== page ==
The XY model is the simplest O(N) model, having **N=2**, the O(N) model
being a set of rotors (N-component continuous valued spins) on an
N-sphere. For , this model is asymptotically free
[Polyakov:75a], and for **N=3**, there exist so called instanton
solutions. Some of these properties are analogous to those of gauge
theories in four dimensions; hence, these models are interesting. In
particular, the O(3) model in two dimensions should
shed some light on the asymptotic freedom of QCD (SU(3)) in four
dimensions. The predictions of the renormalization group for the
susceptibility and inverse correlation length (i.e., mass gap)
**m** in the O(3) model are [Brezin:76a]

and

respectively. If **m** and vary according to these equations,
without the correction of order , they are said to follow
asymptotic scaling. Previous work was able
to confirm that this picture is qualitatively correct, but was not able
to probe deep enough in the area of large correlation lengths to obtain
good agreement.

The combination of the over-relaxed algorithm and the computational power of the FPS T-Series allowed us to simulate lattices of sizes up to . We were thus able to simulate at coupling constants that correspond to correlation lengths up to 300, on lattices where finite-size effects are negligible. We were also able to gather large statistics and thus obtain small statistical errors. Our simulation is in good agreement with similar cluster calculations [Wolff:89b;90a]. Thus, we have validated and extended these results in a regime where our algorithm is the only known alternative to clustering.

**Table 4.8:** Coupling Constant, Lattice Size, Autocorrelation Time, Number of
Overrelaxed Sweeps, Susceptibility, and Correlation Length for the O(3)
Model

We have made extensive runs at 10 values of the coupling constant. At the
lowest , several hundred thousand sweeps were collected, while for the
largest values of , between **50,000** and **100,000** sweeps were made.
Each sweep consists of between 10 iterations through the lattice at the
former end and 150 iterations at the latter. The statistics we have gathered
are equivalent to about 200 days, use of the full 128-node FPS machine.

Our results for the correlation length and susceptibility for each coupling and lattice size are shown in Table 4.8. The autocorrelation times are also shown. The quantities measured on different-sized lattices at the same agree, showing that the infinite volume limit has been reached.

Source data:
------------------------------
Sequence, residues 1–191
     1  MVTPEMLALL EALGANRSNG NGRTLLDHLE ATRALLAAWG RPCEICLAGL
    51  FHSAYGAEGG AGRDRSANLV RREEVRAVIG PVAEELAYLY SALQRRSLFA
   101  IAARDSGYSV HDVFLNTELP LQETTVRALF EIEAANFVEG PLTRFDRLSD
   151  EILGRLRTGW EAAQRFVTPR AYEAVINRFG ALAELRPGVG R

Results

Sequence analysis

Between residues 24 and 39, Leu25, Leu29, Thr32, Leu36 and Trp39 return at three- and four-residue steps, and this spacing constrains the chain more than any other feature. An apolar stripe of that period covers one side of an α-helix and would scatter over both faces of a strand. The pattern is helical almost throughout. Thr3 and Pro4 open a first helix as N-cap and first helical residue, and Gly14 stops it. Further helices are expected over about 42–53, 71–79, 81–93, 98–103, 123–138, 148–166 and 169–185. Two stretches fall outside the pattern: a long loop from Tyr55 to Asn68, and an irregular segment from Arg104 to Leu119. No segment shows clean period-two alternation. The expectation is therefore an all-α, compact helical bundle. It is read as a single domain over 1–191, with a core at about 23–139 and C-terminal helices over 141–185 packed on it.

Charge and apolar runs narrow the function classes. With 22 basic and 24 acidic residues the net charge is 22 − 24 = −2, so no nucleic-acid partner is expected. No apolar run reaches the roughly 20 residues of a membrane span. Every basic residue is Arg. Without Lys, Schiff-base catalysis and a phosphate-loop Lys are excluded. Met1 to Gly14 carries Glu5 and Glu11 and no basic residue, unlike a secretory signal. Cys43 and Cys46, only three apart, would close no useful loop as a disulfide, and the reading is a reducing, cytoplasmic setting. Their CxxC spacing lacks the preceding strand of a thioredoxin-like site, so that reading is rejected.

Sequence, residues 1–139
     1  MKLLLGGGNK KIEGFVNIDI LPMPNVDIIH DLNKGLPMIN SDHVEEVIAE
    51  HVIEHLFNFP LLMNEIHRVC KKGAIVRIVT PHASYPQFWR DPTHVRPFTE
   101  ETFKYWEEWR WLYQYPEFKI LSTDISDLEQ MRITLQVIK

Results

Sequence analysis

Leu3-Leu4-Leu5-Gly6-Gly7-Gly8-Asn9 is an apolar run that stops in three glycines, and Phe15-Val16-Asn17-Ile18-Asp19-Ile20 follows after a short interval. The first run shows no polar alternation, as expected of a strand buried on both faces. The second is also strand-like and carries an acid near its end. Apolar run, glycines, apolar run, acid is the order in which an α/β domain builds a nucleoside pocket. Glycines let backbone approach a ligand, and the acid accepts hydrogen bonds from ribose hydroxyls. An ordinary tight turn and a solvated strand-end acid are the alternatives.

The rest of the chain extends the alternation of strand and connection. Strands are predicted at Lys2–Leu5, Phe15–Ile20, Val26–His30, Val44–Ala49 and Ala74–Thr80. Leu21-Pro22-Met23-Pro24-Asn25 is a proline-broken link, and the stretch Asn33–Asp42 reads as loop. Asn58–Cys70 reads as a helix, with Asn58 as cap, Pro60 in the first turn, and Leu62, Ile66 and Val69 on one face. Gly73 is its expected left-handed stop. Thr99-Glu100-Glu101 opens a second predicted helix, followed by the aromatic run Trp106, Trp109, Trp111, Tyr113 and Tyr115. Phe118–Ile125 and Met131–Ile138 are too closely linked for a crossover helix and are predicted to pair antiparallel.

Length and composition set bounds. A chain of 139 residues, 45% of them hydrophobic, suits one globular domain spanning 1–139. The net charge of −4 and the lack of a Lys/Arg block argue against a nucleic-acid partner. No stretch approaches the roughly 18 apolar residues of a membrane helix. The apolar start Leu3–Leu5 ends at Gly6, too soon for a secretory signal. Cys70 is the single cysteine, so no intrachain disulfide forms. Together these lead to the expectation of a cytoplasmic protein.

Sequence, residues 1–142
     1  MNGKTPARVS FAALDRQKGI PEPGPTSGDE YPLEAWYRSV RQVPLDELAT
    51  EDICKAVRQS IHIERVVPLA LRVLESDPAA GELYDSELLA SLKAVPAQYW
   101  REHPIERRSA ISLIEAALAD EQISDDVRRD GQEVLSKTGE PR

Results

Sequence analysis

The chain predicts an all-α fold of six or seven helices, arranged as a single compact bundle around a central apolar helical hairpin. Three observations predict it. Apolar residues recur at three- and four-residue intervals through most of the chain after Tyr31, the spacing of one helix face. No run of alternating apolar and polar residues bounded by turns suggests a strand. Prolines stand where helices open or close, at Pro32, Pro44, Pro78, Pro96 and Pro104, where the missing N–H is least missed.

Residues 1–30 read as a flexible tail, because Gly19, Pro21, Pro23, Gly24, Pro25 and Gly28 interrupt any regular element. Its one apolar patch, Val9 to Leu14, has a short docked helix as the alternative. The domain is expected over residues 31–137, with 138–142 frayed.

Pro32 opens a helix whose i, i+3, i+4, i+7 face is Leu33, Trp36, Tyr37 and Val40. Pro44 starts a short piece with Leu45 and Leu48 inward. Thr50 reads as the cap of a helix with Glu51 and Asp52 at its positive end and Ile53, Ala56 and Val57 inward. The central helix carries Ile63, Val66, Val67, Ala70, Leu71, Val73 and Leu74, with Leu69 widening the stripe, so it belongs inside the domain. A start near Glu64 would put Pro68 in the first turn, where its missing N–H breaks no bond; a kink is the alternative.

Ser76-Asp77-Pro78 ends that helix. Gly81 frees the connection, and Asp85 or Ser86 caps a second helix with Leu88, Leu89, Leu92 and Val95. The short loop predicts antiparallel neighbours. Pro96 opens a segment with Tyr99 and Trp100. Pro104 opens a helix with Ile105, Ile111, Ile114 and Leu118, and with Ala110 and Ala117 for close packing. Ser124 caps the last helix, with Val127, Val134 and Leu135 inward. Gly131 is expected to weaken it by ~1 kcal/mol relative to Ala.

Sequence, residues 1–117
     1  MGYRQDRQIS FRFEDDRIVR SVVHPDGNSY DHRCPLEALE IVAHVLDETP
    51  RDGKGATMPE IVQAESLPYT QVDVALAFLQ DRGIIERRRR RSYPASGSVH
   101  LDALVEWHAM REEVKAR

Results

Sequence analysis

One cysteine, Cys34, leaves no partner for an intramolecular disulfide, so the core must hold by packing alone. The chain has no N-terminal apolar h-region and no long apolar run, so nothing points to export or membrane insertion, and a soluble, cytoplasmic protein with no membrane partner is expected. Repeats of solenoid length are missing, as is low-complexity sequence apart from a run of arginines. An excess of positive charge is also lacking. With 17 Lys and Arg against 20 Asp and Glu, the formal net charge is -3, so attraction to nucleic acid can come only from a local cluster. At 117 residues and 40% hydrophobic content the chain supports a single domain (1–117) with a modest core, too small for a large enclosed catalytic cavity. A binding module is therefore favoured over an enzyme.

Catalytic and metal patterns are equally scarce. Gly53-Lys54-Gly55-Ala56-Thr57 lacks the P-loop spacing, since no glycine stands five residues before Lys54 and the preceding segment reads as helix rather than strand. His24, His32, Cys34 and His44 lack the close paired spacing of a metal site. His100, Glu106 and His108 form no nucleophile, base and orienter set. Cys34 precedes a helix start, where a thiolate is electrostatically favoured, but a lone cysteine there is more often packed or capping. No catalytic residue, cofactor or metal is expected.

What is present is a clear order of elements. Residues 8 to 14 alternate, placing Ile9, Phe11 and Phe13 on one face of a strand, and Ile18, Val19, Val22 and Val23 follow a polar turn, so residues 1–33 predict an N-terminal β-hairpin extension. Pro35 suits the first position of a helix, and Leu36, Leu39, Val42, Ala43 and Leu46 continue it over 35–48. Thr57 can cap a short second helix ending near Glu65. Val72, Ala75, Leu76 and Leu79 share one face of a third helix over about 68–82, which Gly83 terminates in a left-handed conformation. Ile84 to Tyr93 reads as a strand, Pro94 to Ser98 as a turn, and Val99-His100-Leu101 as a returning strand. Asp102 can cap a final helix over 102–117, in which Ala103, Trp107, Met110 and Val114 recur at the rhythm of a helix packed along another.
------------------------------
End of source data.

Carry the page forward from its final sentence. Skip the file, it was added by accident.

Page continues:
To compare the behavior of the correlation length and susceptibility with the asymptotic scaling predictions, we use the ``correlation length defect'' and ``susceptibility defect'' , which are defined as follows: , , so that asymptotic scaling is seen if , go to constants as . These defects are shown in Figures 4.22 and 4.23, respectively. It is clear that asymptotic scaling does not set in for , but it is not possible to draw a clear conclusion for -though the trends of the last two or three points may be toward constant behavior.

**Figure 4.22:** Correlation Length Defect Versus the Coupling Constant for the O(3)
Model

**Figure 4.23:** Susceptibility Defect Versus the Coupling Constant for the O(3) Model

**Figure 4.24:** Decorrelation Time Versus Number of Over-relations Sweeps
for Different Values of

We gauged the speed of the algorithm in producing statistically independent
configurations by measuring the autocorrelation time . We used this to
estimate the dynamical critical exponent **z**, which is defined by . For constant , our fits give . However,
we discovered that by increasing in rough proportion to , we
can improve the performance of the algorithm significantly. To compare the
speed of decorrelation between runs with different , we define a new
quantity, which we call ``effort,'' . This measures
the computational effort expended to obtain a decorrelated configuration. We
define a new exponent from , where
is chosen to keep constant. We also found that the behavior of
the decorrelation time can be approximated over a good range by

A fit to the set of points (, , ) gives
, . Thus, is
significantly lower than **z**. Figure 4.24 shows versus
, with the fits shown as solid lines.

Wed Mar 1 10:19:35 EST 1995